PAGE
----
Rivers ready to burst in
Donna Pistilli Sauer, weather.com (TWC) May 21, 1999
Heavy rain added insult to injury Friday in Iowa, where residents have been working day and night all week to protect their towns from rising floodwaters.
In one of the hardest hit towns, Anamosa, Iowa, hundreds of people are fighting to hold back the Wapsipinicon River that crested 10 feet above flood stage earlier this week.
High school students are out of class to help pile
sandbags onto a make shift levee. Even prisoners from the nearby men's
reformatory are filling and stacking sandbags as fast as they can.
There has been a little seepage, but it seems to be working overall, local media reported.
Jamie Barroso, a resident at an apartment complex
being protected by the levee, is concerned about its stability. "They say it
might break but they are not for sure," she said as she packed her belongings.
just in case it does, I am going to move it all."
The flooding in Iowa forced 1,500 people from their
homes this week and left dozens of roads impassible. Nine counties have been
declared state disaster areas and are under consideration for federal aid.
Volunteers from the American Red Cross, Salvation Army and local churches are providing food and shelter to those in need. Mental health counselors are on the scene to help residents deal with the trauma of returning to their mud-soaked homes to find nearly everything in a state of ruin.
Rain fell at a rate of an inch per hour in some portions of the waterlogged state Friday morning. Meteorologists at The Weather Channel forecast rain to persist for much of the day as the storm system near the area moves slowly eastward. Another storm is poised to produce more rain in Iowa this weekend.
Storms flood towns in
By Associated Press, 05/18/99
The Boston Globe, May 18, 1999
MANCHESTER, Iowa - As western Iowa recovered from tornadoes, northeastern Iowans fled their homes yesterday as creeks topped their banks and a dam was being eaten away on the Maquoketa River.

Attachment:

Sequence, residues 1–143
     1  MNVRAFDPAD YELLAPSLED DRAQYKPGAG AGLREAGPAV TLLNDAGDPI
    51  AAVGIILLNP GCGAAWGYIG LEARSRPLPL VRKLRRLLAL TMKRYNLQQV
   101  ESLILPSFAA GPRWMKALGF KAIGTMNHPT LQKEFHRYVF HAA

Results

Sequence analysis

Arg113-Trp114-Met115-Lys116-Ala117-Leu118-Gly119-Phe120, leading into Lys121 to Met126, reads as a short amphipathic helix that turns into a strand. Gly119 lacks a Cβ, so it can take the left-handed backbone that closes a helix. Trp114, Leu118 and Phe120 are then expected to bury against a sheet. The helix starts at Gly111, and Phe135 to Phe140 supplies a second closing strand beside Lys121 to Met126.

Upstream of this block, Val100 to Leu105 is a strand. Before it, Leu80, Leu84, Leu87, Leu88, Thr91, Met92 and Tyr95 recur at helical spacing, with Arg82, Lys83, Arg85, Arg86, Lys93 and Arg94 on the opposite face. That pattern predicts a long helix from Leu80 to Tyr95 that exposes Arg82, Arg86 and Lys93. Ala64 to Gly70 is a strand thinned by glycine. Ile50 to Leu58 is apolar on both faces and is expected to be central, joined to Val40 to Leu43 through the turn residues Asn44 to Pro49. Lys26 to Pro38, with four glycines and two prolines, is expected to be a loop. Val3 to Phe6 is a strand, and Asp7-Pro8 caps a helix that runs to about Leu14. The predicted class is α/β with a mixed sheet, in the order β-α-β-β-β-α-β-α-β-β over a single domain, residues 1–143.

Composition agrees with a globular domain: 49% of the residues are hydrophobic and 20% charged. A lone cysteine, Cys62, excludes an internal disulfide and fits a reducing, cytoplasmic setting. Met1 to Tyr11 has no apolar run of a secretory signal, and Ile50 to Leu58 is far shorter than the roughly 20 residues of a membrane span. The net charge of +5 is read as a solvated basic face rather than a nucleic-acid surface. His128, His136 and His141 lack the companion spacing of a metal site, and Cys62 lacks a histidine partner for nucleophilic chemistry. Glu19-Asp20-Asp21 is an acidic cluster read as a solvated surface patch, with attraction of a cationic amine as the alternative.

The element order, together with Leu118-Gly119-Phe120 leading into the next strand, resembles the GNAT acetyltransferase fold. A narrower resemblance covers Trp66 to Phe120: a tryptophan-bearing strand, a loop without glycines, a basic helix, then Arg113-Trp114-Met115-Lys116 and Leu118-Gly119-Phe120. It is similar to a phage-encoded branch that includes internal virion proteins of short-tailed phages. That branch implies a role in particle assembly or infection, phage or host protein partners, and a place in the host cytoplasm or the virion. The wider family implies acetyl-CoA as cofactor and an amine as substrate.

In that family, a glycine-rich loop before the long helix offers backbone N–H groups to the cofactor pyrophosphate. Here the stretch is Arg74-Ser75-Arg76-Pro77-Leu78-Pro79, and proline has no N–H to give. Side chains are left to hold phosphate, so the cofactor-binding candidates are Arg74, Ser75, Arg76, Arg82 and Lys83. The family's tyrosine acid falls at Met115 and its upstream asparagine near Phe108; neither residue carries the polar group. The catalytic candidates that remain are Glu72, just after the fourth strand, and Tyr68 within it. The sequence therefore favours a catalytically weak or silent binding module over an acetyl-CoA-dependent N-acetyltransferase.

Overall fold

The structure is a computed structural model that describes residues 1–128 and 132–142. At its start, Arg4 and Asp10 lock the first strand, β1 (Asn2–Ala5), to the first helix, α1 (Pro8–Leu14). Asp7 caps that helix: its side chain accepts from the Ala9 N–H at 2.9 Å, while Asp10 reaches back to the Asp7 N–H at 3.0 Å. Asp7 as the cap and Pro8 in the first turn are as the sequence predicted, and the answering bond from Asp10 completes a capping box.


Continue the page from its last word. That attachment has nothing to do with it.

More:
Tornadoes skipped across western Iowa on Sunday,
killing two people, and were followed by flooding in eastern Iowa as
thunderstorms rolled across northern Iowa Sunday afternoon.
Another storm hit Sunday night and continued to drench the area yesterday.
In Dunkerton, people were evacuating with little more than clothes stuffed in plastic bags to escape the overflowing Crane Creek.
''The post office, city hall, and police department, a church and all the businesses are in 3 to 4 feet of water,'' Sheriff's Sergeant John Keefe said.
About 200 people were evacuated from Manchester
after rising water began to eat away the earthen sides of the Quaker Mills dam
on the Maquoketa River.
The Turkey River in eastern Iowa received up to 7 inches of rain Sunday, and in the city of Elkport, located at the confluence of the Turkey and Volga rivers, the water supply was contaminated by the flooding.
The state was sending bottled water to the area,
said Governor Tom Vilsack, who declared five eastern counties as disaster areas.
Dunkerton resident Katie Mostek waded through water yesterday morning to help save books at the city's library, where flood waters began soaking the floor.
As Mostek walked through the downtown, she saw a man wading in the water pulling a boat with children inside behind him.
''There were people all over trying to get out of
the water,'' she said.
Residents in western Iowa were clearing up from the debris caused by Sunday's tornadoes. Nine counties reported damage from the storms.
The Red Cross and Salvation Army had response teams
in hard-hit Logan early yesterday.
Two people who fled a graduation party near Logan were killed in the tornadoes. They were Julie Pali, 15, of Bellevue, Neb., and Kathline Fugate, 38, of Logan.
This story ran on page A06 of the Boston Globe on
© Copyright 1999 Globe Newspaper Company.